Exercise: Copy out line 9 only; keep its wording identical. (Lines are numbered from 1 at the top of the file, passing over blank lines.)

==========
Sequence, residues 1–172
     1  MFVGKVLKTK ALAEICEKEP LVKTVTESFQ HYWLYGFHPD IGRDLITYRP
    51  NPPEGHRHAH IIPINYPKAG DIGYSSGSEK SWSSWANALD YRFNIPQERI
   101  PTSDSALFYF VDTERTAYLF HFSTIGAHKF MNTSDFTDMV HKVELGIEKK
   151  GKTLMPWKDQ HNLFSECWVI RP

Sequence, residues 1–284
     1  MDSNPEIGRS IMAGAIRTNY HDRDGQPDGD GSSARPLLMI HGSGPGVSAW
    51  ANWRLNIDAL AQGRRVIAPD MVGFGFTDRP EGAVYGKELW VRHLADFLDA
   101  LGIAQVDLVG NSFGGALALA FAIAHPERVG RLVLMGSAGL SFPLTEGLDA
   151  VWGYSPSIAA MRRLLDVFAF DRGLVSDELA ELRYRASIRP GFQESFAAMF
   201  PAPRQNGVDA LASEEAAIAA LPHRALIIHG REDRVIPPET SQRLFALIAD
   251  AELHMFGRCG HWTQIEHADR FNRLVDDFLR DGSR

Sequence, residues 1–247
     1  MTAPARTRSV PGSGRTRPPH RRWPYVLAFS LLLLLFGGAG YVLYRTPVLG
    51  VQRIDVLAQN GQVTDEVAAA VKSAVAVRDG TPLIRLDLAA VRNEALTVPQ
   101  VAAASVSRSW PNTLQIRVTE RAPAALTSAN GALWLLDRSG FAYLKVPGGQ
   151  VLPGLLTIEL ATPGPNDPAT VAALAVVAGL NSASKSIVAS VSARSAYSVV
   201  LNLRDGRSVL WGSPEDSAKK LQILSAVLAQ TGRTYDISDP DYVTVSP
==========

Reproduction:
   101  LGIAQVDLVG NSFGGALALA FAIAHPERVG RLVLMGSAGL SFPLTEGLDA